Civil partnerships were introduced with almost no fuss, bringing to proper culmination a process that extended from the decriminalisation of homosexual relations, through equalisation of the age of consent, to civil partnership – a state form of gay marriage. Almost everyone was content with that. Male civil partners routinely spoke of their "husbands", invitations to civil partnership ceremonies invited attendance at "our wedding", and nobody minded. Those that thought civil partnerships morally wrong were not threatened by their existence – they could say "We believe that the morally proper thing to do is to marry."
There were, arguably, a couple of minor loose ends. Civil partnerships did not include any regulation of sexual activitiy – betrayed civil partners could not have their partnerships dissolved on the grounds of adultery, nor annulled on the grounds of non-consummation. How material either of these points was, it's tricky to say. Do we, for example, suppose there has ever been a civil partnership of an unconsummated relationship? What force is there, really, to adultery provisions (e.g. what difference do they make to the post-divorce allocation of property) even for heterosexual couples?
But, be that as it may, in political terms there would have been little or no resistance to amending civil partnerships to include the regulation of sexual activity – most people probably thought they always did do so, and my guess is that such amendments would have passed almost unanimously without even a public debate.
That was the way to introduce the regulation of homosexual sexual activity in the context of state partnership contracts – by saying: "Here's a minor measure I'm sure we can all agree on. Passed? Passed. Next business." And if anyone said: "Does this mean everyone has will be forced to morally approve of civil partnerships?" we could reply: "The law allows suppliers of Halal products to form contracts with each other – buying those products and selling them on. Does that mean everyone has to approve of Halal? Of course not."
Here's the recipe for how not to do it:
- Go around saying: "The problem with this country is that there are still far too many people that disapprove of homosexual sexual relations. Something must be done about that."
- Say: "The fact that heterosexuals get "married" whilst homosexuals get "civilly partnered" enshrines in law a moral inequality. That is a terrible thing, and that difference must be removed."
- Say: "Anyone who wants to use a different word for heterosexual partnerships from homosexual partnerships is, by definition, a homophobe and a bigot."
- Say: "The central purpose of this new law is twofold. First, it aims to deprive opponents of homosexuality a language in which to express their dissent – we shall take their central moral terms, the thing they say is the ideal and what is right and any deviation from which they regard as wrong, and change its meaning. Furthermore, we shall do so in the context of the widespread use of equalities legislation to crush dissent to modern moral norms. Second, it aims to demonstrate to the country that the Conservative Party is in a process of unceasing revolution, rooting out anyone with old-fashioned socially conservative opinions, because we don't want their sort as our members even if we have to tolerate them amongst our voters."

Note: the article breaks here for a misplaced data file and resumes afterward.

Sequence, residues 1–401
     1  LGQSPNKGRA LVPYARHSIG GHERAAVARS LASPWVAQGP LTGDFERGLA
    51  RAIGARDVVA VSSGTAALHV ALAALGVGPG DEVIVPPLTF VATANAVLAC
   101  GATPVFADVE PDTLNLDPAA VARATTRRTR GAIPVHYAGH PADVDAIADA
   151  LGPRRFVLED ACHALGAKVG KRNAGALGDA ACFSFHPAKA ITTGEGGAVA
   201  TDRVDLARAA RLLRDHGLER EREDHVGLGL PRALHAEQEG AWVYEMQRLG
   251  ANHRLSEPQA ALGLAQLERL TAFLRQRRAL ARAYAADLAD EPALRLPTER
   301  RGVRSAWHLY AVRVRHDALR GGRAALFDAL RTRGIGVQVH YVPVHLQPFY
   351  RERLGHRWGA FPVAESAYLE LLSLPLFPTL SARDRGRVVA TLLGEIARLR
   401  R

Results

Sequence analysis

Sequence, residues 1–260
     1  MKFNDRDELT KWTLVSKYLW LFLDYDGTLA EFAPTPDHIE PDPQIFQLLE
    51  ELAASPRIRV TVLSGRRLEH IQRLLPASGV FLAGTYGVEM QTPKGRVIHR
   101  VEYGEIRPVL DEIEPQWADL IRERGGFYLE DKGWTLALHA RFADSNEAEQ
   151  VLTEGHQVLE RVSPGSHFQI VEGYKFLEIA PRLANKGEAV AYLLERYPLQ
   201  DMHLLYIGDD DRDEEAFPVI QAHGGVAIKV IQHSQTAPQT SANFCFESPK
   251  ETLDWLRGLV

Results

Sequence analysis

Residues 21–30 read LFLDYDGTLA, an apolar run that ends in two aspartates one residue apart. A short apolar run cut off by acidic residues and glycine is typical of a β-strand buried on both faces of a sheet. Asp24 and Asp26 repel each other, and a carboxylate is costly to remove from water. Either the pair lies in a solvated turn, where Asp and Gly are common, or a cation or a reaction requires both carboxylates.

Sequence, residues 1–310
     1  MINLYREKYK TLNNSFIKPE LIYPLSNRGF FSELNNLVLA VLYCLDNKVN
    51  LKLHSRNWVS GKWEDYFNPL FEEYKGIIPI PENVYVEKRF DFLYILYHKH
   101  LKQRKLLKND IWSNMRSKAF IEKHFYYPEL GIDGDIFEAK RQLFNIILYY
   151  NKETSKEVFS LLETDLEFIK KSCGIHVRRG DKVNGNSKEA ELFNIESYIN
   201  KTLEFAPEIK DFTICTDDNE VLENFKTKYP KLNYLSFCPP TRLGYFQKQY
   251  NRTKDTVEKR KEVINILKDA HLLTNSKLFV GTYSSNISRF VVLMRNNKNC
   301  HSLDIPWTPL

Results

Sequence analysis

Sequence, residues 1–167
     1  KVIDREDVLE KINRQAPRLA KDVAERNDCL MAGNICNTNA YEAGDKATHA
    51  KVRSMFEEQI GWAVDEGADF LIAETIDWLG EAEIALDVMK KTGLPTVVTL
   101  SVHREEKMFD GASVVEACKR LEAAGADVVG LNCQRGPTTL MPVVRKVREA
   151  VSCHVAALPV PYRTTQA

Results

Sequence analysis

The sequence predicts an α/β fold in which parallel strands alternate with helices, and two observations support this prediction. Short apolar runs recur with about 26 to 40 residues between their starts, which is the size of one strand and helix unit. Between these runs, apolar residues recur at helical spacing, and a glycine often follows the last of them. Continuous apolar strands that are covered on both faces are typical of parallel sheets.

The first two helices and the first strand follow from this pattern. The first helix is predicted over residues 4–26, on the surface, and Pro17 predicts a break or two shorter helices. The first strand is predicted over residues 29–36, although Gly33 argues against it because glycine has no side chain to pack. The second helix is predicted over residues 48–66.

- Finally, having done all the above, just to emphasize to everyone that our purpose had nothing whatever to do with allowing homosexuals access to legal partnerships that regulate sexual activity and, instead, everything to do with crushing moral dissent, the law we shall actually introduce to Parliament will explicitly exclude homosexual adultery and homosexual non-consummation (see p26 here, noting that Section 12 paragraphs (a) and (b) of the Matrimonial Causes Act 1973 are the non-consummation provisions).
Now, Dear Reader, would you like to guess which of these two paths the Conservative Party leadership and government chose? Did they make this a morally neutral measure, adding to available contracting opportunities for law-abiding and peaceable people in a liberal way? Or did they make this a morally censorious measure, aimed at depriving their moral opponents of a language (or even in some arenas, potentially, a legal right) to express their dissent, without even adding to the legal opportunities for homosexuals? Have a wild guess.
I've always been in favour of having a state form of gay marriage. I've campaigned for it for 20 years. When I thought the point of the current bill was to introduce the legal regulation of homosexual adultery and consummation I thought that pretty pointless and potentially tricky to define, but was happy enough with the principle. But why would anyone be in favour of a "gay marriage" bill that doesn't even extend to homosexuals any legal protections against adultery or non-consummation?
If the only purpose of this measure is to impose the moral norms of the majority on those of the minority, attacking their most sacred moral terms and exposing them to later legal risk of even further oppression than they already face, with a heavy heart I must urge MPs to vote against. I'd be in favour of a civil gay marriage bill. This isn't one.